A History of the Military Ambulance from the Napoleonic Wars through World War I
John S. Haller, Jr.
Narrated by Todd Barsness
Approximately 8 hours
Book published by Southern Illinois University Press
In this first history of the military ambulance, historian John S. Haller Jr. documents the development of medical technologies for treating and transporting wounded soldiers on the battlefield. Noting that the word ambulance has been used to refer to both a mobile medical support system and a mode of transport, Haller takes readers back to the origins of the modern ambulance, covering their evolution in depth from the late eighteenth century through World War I.
The rising nationalism, economic and imperial competition, and military alliances and arms races of the nineteenth and early twentieth centuries figure prominently in this history of the military ambulance, which focuses mainly on British and American technological advancements. Beginning with changes introduced by Dominique-Jean Larrey during the Napoleonic Wars, the book traces the organizational and technological challenges faced by opposing armies in the Crimean War, the American Civil War, the Franco-Prussian War, and the Philippines Insurrection, then climaxes with the trench warfare that defined World War I. The operative word is "challenges" of medical care and evacuation because while some things learned in a conflict are carried into the next, too often, the spasms of war force its participants to repeat the errors of the past before acquiring much needed insight.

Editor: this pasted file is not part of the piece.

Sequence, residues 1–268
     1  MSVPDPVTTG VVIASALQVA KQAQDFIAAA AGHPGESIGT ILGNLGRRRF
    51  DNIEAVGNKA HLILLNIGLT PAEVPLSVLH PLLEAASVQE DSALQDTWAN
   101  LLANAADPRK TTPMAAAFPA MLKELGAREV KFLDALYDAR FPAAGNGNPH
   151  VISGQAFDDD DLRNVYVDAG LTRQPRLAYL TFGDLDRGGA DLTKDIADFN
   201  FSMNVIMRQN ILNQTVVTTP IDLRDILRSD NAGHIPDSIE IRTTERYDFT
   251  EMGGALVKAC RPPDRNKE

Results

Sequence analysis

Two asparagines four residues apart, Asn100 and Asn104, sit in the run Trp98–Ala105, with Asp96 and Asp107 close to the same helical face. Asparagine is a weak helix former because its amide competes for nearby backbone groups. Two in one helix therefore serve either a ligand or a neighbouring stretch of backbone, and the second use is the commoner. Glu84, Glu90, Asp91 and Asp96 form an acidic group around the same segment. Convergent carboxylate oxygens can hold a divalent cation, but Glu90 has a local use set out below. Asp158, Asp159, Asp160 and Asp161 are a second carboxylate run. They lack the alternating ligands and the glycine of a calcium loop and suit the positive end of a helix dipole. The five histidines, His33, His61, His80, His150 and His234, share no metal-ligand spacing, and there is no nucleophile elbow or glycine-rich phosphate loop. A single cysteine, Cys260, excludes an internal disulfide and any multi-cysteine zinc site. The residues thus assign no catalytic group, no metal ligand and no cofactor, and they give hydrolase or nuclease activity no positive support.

More than a history of medical evacuation systems and vehicles, this exhaustively researched and richly illustrated volume tells a fascinating story, giving readers a unique perspective of the changing nature of warfare in the nineteenth and early twentieth centuries.
John S. Haller, Jr. is a professor of history and medical humanities at Southern Illinois University at Carbondale.
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